The People's Liberation Army now moved from Lhasa out into Tibet, to put down rebels in the name not only of the government of China, but also in the name of Tibet's new local government which, under the Panchen Erdeni, had declared for reform. Wherever the troops now went, they confiscated the great whips and torture instruments from the monasteries and manor-houses, and turned them into the county governments under military control. They announced that, on all the lands of the rebels, the harvest this year would go to those who sowed it, without rent or taxes. This was an emergency measure to promote the sowing but, as Apei told me: "It is the kind of measure from which one does not retreat." The PLA was giving out seed grain in quantities to peasants the rebels had looted.

On April 7th and 8th, the PLA crossed the Tsangpo River southeast of Lhasa, and moved into Loka, the rebel's main base. This great rectangle of grain land, with its sixteen supply routes into India and Bhutan, its air-drop in the center, and the wide, swift river guarding the north, was designed by the rebels as their "new capital", to supply a long guerrilla war all over Tibet. The rebel forces here were later found to have been some 12,000, almost twice as many as in Lhasa. The PLA forces here fought forty-seven engagements in two weeks, disposed of two thousand rebels — some killed, some wounded, but most of them captured — and occupied the four main towns.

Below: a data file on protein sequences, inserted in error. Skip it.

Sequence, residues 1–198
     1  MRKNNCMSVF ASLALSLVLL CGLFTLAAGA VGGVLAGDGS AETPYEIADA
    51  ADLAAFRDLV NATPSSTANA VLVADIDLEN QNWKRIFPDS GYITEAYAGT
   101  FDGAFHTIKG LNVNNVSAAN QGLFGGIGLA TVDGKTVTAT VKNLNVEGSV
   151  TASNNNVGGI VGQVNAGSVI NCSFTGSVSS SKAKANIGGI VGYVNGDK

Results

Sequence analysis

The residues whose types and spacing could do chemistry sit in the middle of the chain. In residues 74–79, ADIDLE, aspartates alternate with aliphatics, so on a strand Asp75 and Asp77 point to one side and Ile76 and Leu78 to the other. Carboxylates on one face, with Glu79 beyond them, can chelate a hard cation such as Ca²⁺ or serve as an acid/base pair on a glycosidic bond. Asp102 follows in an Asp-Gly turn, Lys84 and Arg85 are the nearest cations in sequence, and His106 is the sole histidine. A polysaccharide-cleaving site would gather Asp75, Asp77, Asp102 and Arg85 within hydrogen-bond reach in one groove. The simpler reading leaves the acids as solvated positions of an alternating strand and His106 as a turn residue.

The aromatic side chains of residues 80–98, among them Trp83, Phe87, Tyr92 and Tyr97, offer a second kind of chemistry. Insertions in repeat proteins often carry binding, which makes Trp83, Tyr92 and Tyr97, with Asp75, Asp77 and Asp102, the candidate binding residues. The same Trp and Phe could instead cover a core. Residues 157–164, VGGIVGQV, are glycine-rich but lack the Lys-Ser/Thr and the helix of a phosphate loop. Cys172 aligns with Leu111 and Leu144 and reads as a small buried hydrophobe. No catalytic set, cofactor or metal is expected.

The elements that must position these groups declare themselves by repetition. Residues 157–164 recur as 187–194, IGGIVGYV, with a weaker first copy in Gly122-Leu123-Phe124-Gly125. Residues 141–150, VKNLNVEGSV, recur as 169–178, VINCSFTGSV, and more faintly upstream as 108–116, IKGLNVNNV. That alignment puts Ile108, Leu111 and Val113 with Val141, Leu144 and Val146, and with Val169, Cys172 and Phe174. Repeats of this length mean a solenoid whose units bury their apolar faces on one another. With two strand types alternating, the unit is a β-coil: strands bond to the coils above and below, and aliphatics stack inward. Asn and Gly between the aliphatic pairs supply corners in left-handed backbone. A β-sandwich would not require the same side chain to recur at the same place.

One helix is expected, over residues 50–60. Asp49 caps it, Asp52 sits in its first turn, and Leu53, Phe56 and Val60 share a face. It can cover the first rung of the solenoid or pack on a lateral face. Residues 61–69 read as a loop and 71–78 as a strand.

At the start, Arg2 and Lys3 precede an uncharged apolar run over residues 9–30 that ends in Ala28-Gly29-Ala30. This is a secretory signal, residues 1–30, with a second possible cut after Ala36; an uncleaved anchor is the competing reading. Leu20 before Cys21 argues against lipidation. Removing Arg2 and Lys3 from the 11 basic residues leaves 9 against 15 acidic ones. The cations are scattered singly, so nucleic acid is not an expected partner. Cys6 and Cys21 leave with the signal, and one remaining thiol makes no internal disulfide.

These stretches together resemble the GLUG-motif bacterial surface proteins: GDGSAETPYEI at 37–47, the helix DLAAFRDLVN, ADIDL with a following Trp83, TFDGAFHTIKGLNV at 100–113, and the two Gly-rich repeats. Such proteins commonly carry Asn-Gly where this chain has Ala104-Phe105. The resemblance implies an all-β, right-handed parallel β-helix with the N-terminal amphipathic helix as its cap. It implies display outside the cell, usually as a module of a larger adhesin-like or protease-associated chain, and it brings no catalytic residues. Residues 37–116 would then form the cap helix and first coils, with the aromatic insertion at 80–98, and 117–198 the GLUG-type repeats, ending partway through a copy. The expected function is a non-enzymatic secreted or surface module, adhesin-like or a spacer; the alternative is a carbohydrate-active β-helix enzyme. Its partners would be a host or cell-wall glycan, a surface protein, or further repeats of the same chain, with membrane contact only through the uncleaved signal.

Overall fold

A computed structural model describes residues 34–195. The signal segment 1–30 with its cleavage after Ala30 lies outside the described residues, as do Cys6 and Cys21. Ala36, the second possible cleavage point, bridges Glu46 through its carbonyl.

An incident of that period shows the nature of the rebel forces. There were many high marches through mountains, and most of the PLA troops had frozen or blistered feet. Corporal Chou and Private Yen, falling behind their detachment because of bad feet, encountered a force of a hundred rebels. They took good positions with one sub-machine-gun, one rifle and some grenades. As the rebels advanced, the two men shot and killed three leaders and wounded another on this the remaining ninety-six surrendered under a lesser leader, and turned over 90 horses, 29 rifles, 14 muskets and 76 swords, for which the PLA men figured they had "expended 26 sub-machine-gun bullets". The PLA men ordered them to load the weapons on the horses and then went off with the horses and two captives to lead them, to find their detachment, leaving the other ninety-four captives to await their return, under command of the leader who had surrendered. By dawn they caught up with their detachment, reported the battle, turned over the booty. Other PLA men then went back with the two captives and found the ninety-four rebel prisoners, who had been waiting all night. This episode, with its mixture of weapons, its totally passive rank and file, waiting for someone to lead them and feed them, indicates the morale of the conscripted serfs.